Jenkins contends that such gerrymandering is “disenfranchising” the public because residents have no vote or say on how the roads are developed. Although the commercial entities pay the property tax – 35 cents per $100 of assessed value – Jenkins believes that many of the costs associated with the projects eventually get passed onto residents.

To rectify the problem, Jenkins and nine cohorts decided to try to win a majority of seats on the road district board, which then had five members whom they believed had become too cozy with the community’s developers.

They then would pay off the debt, turn off the lights and shut the district down.

However, the road district’s elections are not typical by any measure.

Commercial business owners and their employees cannot vote. And although those filing to run as a board member do not have to reside inside the district, only those who claim a residence within its boundaries can cast ballots. And the district has virtually no residential areas.

“Last time I checked, the district had only four registered voters,” said Page, the attorney for the road district. “There’s a man, his wife and daughter living in an apartment attached to a building that’s inside the district. That homeowner, Dirk Laukien, was granted special permission for a residence in a commercial zone. He travels a lot. Then the fourth voter is the manager of Marriott’s Residence Inn who lives on the premises.”

Read the whole thing, it’s good stuff. I’ve noted this case before, and had a couple of conversations with Jenkins’ co-defendant, Adrian Heath. We’ve basically established that there’s no enforceable standard of residency for candidates, so it’s really unclear why the book was thrown at these guys. In searching for an image to use with this post, I came across this site that was put up in support of Jenkins et al. The base domain name and some of the links don’t work any more, but click around, there’s a lot of useful background on this case, which to my mind is more about Greg Abbott claiming a “vote fraud” scalp that didn’t involve Democrats of color than anything else. See also the Texas Election Law Blog, whose proprietor is a supporting player in this drama. I’m glad that Jenkins got a new trial, and I wish him and his co-defendants the best of luck in beating the rap.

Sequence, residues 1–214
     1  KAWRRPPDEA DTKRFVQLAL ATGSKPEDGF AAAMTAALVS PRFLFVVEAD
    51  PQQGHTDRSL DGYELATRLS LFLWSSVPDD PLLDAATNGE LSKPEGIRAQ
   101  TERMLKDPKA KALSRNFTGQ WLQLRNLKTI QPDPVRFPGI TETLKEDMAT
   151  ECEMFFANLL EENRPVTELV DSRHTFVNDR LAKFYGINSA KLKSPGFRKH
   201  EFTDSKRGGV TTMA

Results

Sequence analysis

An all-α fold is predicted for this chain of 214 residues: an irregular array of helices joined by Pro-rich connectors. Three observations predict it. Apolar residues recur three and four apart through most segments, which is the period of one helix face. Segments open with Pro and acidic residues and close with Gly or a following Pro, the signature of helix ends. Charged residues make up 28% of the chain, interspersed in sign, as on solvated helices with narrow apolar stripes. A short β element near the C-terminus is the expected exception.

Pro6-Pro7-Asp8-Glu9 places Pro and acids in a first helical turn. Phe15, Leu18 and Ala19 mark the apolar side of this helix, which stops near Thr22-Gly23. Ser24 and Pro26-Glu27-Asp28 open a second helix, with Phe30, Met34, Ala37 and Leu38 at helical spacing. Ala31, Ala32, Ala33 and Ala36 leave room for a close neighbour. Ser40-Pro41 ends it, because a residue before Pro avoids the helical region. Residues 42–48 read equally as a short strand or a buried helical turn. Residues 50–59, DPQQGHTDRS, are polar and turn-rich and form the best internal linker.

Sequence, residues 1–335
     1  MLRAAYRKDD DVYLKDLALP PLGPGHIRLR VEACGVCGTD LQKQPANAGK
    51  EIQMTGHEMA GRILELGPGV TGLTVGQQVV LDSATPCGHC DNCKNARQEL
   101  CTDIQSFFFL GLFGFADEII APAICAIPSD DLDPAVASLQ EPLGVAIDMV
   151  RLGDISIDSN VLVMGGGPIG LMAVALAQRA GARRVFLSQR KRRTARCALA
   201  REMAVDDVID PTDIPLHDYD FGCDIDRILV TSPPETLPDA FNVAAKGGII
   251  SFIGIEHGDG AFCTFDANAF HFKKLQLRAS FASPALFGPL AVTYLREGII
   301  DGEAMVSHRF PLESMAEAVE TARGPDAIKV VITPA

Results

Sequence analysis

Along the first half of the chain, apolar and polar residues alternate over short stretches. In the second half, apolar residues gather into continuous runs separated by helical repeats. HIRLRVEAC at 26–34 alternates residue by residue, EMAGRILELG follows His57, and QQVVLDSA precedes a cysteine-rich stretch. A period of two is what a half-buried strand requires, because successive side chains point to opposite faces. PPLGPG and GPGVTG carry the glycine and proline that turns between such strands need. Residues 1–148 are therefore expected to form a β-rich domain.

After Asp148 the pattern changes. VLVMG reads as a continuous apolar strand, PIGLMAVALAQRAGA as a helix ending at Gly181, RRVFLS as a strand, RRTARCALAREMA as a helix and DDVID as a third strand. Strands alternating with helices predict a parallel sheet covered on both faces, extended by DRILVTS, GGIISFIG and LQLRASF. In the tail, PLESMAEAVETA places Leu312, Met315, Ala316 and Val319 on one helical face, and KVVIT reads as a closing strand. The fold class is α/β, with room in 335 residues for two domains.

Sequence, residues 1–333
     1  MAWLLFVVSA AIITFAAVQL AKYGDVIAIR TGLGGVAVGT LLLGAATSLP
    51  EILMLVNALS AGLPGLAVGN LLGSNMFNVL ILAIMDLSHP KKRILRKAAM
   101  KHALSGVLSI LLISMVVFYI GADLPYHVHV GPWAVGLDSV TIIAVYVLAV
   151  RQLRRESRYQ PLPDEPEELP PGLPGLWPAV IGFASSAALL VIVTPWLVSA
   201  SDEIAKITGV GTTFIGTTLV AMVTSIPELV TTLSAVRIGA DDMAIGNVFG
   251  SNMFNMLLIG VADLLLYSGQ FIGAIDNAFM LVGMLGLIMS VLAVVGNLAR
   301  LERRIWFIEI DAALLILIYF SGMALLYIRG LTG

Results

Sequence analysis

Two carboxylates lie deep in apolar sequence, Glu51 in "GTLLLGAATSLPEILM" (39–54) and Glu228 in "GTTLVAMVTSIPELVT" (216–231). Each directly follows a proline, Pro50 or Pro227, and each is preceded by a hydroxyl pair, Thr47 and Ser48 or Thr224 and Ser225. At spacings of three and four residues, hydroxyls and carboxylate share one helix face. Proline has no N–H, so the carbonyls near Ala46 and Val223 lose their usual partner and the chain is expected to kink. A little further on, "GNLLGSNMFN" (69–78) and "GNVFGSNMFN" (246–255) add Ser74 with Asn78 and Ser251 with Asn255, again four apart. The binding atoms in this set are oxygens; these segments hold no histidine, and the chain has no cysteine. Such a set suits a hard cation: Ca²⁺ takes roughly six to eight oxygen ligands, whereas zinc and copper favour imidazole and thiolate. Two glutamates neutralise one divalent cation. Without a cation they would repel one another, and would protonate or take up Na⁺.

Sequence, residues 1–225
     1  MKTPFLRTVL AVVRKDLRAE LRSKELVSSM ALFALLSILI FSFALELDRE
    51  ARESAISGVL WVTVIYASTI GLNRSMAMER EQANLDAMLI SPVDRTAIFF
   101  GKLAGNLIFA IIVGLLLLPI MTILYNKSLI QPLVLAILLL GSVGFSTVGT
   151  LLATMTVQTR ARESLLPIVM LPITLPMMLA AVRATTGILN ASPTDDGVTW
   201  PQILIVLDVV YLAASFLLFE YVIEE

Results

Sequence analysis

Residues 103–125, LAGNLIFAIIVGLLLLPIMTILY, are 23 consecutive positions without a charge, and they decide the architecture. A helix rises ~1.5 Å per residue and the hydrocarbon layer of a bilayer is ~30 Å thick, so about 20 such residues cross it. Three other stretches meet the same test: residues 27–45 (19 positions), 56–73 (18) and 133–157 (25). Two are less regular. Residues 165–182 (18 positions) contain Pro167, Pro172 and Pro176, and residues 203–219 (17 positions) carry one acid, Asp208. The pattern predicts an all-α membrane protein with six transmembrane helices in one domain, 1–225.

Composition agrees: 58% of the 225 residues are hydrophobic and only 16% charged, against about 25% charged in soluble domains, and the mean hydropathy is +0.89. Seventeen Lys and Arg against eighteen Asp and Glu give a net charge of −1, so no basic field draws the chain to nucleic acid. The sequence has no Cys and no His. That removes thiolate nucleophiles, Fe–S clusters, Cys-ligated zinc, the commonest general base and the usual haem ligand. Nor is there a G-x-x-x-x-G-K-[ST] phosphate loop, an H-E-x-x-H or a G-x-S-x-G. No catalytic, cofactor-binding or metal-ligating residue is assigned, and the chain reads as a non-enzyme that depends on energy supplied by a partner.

Texas blog roundup for the week of July 13

The Texas Progressive Alliance does not put peas in guacamole as it brings you this week’s roundup.

(more…)

Lone Star Veterans Association benefit event

From the inbox:

To celebrate the upcoming football season, and to benefit the Lone Star Veterans Association (LSVA), the Houston Texans Grille at CITY CENTRE will host a “Pay What You Want” Day on Monday, July 20th. All of the proceeds will be donated to the Lone Star Veterans Association.

During this all day event, patrons may select one food item from the full menu, and pay any amount they are able to as a donation. And 100% of the proceeds raised from food sales will benefit the Lone Star Veterans Association!

Event is free and open to the public.

The Lone Star Veterans Association is a Houston-based non-profit organization dedicated to making Houston and Texas the best place for Post 9/11 veterans and their families by providing free career transitions, peer support and family services. LSVA’s office is open Monday through Friday 8am – 5pm, at 170 Heights Blvd. Houston, TX

To learn more about the Lone Star Veterans Association please visit lonestarveterans.org. To view Houston Texans Grille menu visit texansgrille.g3restaurants.com.

Who: Houston Texans Grille at CITY CENTRE
What: Pay What You Want pricing on one item from full menu
When: Monday, July 20th from 11:00am – 10:00pm
Where: Houston Texans Grille at CITY CENTRE, (I-10 W & Beltway 8), 12848 Queensbury Way, Houston, TX. 77024. (713) 461-2002

• Limited to Dine-In orders only (no Take-Out or To-Go orders)
• Maximum of one (1) entrée per guest under “Pay What You Want” pricing
• Guests may only dine-in one (1) time during the day to ensure all customers are served
• Any appetizer, entrée, or dessert on the menu will count as one (1) “entrée”
• “Pay What You Want” pricing offer excludes all alcoholic and non-alcoholic beverages

See here for more. It’s a good cause and there’s food involved, so check it out if you can.